Saturday, February 16, 2013

On Having an E-book Reader

Back in 2011 I wrote about the reasons why I wasn't getting an e-book reader. I had found that books generally cost more in e-book format than in dead-tree format, and I was nervous about the digital restrictions management (DRM) that e-books came with. These concerns were only increased when I read about Linn Nygaard who had her Amazon account closed (and all her e-books effectively confiscated) for some unexplained violation of Amazon policy that was probably committed by the previous owner of her second-hand Kindle. The fact that her account was restored after 24 hours of world-wide outrage didn't reassure me; fame is fickle, and relying on it as an ally against a giant corporation would be unwise.

However as a result of that fiasco a number of articles were posted about the removal of DRM from e-books using Calibre, which is an open-source program for managing your electronic library on your computer and converting between formats. You have to download and manually install some plugins in addition to the standard distribution, but once they are installed you just add a DRMed book to your Calibre library, and it automatically gets the DRM stripped out.

In parallel with this, a long-running legal case between the US Department of Justice and a number of e-book publishers resulted in a settlement under which prices have dropped considerably, and are now significantly cheaper than the paperback price.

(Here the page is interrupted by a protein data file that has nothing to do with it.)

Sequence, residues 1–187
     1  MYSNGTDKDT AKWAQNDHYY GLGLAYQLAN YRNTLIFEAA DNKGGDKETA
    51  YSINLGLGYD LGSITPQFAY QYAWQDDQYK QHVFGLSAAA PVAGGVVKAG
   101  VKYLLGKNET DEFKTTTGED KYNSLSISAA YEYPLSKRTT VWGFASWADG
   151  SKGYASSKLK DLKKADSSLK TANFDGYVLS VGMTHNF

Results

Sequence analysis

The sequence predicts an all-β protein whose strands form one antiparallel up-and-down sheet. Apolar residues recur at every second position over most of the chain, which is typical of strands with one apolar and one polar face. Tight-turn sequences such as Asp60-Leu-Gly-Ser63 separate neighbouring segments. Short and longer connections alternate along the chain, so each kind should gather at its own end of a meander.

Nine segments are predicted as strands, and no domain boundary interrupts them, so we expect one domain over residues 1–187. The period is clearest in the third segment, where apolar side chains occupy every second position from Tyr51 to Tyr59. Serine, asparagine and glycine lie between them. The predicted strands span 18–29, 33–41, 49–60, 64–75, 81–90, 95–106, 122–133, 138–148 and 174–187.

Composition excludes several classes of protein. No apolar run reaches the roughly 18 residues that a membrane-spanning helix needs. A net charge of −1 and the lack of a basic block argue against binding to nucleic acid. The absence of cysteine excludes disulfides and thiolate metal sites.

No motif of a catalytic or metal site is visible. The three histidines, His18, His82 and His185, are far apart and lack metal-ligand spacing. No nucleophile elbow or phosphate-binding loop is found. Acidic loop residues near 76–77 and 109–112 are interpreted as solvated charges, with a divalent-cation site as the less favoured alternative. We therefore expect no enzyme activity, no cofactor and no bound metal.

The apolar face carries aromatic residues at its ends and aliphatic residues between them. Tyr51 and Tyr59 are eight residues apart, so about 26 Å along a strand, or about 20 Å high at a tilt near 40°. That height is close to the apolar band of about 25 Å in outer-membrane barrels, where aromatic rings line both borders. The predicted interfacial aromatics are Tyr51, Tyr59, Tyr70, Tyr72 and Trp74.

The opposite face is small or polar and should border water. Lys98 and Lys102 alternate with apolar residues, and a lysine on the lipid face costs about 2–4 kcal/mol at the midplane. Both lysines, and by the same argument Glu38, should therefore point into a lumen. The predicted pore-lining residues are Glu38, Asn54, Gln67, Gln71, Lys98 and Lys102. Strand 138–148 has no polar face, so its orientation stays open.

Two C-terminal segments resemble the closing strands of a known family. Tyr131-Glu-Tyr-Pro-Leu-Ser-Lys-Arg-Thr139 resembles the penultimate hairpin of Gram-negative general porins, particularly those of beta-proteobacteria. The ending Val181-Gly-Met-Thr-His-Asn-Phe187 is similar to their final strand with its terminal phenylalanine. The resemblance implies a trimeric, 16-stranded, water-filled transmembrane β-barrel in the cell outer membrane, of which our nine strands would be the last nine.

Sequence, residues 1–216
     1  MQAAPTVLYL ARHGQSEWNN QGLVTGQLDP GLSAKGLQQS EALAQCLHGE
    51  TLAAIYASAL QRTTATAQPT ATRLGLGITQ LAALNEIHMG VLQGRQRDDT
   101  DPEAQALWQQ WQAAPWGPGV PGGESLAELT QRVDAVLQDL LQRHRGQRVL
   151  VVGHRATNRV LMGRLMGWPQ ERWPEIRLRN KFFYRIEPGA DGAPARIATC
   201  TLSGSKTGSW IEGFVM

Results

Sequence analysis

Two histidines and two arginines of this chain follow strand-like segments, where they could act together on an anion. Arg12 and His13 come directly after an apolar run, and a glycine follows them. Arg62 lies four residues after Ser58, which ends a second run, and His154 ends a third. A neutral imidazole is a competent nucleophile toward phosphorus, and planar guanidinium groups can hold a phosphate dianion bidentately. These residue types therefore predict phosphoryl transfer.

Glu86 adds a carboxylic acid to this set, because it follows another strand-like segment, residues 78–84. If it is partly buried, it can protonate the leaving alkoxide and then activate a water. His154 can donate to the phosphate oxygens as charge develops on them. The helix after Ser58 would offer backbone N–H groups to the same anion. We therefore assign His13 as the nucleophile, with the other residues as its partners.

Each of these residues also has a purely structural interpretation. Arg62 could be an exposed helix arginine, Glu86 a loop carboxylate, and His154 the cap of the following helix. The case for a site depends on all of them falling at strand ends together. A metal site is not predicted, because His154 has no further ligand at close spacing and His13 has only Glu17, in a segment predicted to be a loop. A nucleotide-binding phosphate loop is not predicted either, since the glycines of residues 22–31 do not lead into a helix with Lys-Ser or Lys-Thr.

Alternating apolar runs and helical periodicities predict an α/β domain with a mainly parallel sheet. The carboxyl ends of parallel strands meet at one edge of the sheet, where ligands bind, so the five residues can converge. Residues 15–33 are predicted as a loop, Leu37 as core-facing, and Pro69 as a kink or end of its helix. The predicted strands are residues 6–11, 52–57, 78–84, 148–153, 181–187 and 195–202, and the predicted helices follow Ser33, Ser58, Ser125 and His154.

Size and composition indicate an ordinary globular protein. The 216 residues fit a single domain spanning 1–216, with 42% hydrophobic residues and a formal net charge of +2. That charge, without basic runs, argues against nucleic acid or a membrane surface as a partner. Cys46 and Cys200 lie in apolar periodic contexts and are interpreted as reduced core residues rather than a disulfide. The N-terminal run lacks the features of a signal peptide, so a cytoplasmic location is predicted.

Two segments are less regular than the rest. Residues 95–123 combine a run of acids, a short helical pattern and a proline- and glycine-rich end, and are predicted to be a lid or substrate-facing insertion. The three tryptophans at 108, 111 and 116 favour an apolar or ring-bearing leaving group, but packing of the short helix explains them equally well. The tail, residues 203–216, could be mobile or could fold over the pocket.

So that was my two main objections to an ebook reader dealt with: I could now share books with family in a similar way to a paper copy, and I wasn't paying the publisher to leave out the paper. So I asked for a Kindle for my birthday last year.

I'm very happy with it.  I've downloaded some classics from the Gutenberg project, and also picked up some more obscure books like the updated edition of "Code and Other Laws of Cyberspace" that I have been wanting to read for a long time. Specialist books like this seem to be a lot cheaper in ebook format, presumably because so much of the cost in the dead-tree version is taken up in the overheads of short-run printing and storage. But even Anathem was only £2.99 (although it seems to be rather more when I look at it now).

My wife tried out my Kindle as well, and asked for one for Christmas. When Amazon proved unable to deliver in time I bought one from the local branch of Waterstones bookshop. This turned out to be a mistake: the Kindles bought from Waterstones have the nice varied "screensaver" pictures replaced with a fixed bit of Waterstones branding that can't be replaced (I've come across some instructions for replacing that image by logging into the Kindle using TCP over USB, but that particular back door seems to have been closed now).


tonsil stones remedies said...

are there good e-books that you can recommend that are for free?

Paul Johnson said...

Anything "classic" published before about 1930 (I don't know the exact cut-off) is on the Gutenberg Project. So Dickens, Austin, Shakespeare are all available. If you want a specific recommendation, try "Three Men in a Boat" by Jerome K. Jerome. There are also some P.G. Wodehouse books; I rather like "Something New"

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